Therefore it would be sensible to present your own research on how much you believe the occupation has cost the university – if £10,000 is too much, then what is the actual figure? This is in your interest because even if you want to make the argument that ‘you can’t put a price on protesting’ or that other costs (the Student Lifecycle Project) are bigger wastes of money, you still leave that £10,000 hanging in the air for your opponents to use. The only way to get rid of that £10,000 figure is to show, in detail, why it’s incorrect and put your own figure on it.

    • D N says:

      I’m sure the occupiers would come to such an arrangement if management handed the building back.

      The figure is incorrect because it is a result of management’s response to the occupation. Otherwise we are victim blaming, saying “you have to pay the bill for police kicking your door in.” The argument isn’t about quibbling over the number, but about whether it is even a legitimate question at all (note that the University doesn’t think so, this story has been constructed by the Glasgow Guardian to pull in some headlines).

  4. eddie says:

    Hear that? That was the sound of a point going over mr baines’s head. The GG have made their claims and should back them up with evidence or withdraw. Your pathetic attempt to shift the burden of proof is disingenuous and dishonest.

    • Graham Baines says:

      I think you can address arguments a bit better than that, Eddie.

      I’m not interested in defending the Glasgow Guardian, or arguing about who has “the burden of proof”, I’m simply saying that there’s an argument here about how much the occupation has cost the university. If the Glasgow Guardian is wrong (which they probably are given they exaggerate figures/stories on a regular basis) then a good argument against that is to put forward your own figures.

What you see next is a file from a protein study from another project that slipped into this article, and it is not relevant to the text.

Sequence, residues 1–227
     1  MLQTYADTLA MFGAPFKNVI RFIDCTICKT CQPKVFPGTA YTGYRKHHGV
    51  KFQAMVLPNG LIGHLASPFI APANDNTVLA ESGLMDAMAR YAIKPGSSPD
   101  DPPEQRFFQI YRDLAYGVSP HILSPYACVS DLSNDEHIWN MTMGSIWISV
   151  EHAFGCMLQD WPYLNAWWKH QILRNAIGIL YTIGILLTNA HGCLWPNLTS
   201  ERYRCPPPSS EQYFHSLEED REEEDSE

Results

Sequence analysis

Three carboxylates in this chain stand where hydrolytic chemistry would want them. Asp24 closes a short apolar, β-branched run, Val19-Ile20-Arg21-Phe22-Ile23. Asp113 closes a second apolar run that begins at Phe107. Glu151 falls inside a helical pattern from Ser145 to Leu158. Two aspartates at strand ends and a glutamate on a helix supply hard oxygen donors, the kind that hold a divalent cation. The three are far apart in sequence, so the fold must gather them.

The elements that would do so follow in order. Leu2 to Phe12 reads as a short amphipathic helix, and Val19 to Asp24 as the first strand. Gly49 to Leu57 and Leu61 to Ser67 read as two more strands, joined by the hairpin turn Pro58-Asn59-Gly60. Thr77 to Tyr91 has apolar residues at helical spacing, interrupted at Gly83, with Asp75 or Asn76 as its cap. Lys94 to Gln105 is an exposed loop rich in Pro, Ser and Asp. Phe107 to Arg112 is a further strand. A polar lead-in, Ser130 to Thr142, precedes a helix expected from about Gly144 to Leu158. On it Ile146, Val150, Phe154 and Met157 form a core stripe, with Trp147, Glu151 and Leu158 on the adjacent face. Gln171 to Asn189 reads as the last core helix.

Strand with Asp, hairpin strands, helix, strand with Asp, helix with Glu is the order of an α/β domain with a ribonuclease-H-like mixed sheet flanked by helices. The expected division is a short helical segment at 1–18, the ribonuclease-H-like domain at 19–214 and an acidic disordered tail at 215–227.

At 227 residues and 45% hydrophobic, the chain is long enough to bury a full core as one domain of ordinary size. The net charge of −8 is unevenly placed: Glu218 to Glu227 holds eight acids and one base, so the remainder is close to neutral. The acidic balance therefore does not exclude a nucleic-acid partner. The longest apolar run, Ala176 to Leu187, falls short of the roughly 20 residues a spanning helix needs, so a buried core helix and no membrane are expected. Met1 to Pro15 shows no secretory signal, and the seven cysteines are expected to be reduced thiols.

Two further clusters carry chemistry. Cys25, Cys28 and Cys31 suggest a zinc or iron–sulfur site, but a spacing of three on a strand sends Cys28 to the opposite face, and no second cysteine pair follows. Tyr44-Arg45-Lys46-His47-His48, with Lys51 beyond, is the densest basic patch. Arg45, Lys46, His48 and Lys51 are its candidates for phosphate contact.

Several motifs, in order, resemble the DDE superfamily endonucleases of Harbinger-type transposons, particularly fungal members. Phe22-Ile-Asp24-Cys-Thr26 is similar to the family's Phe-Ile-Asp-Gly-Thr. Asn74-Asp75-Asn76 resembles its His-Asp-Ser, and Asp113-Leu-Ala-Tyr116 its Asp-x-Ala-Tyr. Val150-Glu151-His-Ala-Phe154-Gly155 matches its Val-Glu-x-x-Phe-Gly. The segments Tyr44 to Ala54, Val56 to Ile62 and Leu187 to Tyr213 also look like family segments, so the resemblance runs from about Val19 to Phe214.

You might not personally view the cost of the occupation as particularly relevant (perhaps for you it’s solely about the principle and you can’t put a pound sign on a principle) but for many students the actual cost can be the dividing line between support and opposition. To be honest, I’m one of them: I agree with your cause but not if it’s doing more harm than good in terms of financial cost to the university. How much it’s costing is therefore a pretty reasonable thing for me and others like me to be concerned about. If the costs are fairly minimal I might be inclined to say it’s worth it; if the cost is excessive then I’d be less likely to agree with it.

      Either way the actual figure is important and it can’t just be shrugged off by attacking the Glasgow Guardian (or anyone that asks the question).

      • Back of an envelope says:

        If we consider that the occupation is ‘using’ the heat/leccy that was left running, and perhaps running a few laptops, then I’d imagine the £100/week for bills (~£1000 over the life of the occupation) is reasonable.

        The security guard smashing a window is a one-off cost. It is dubious whether we consider this a liability of the occupation, which I doubt any court would. I wouldn’t add it in.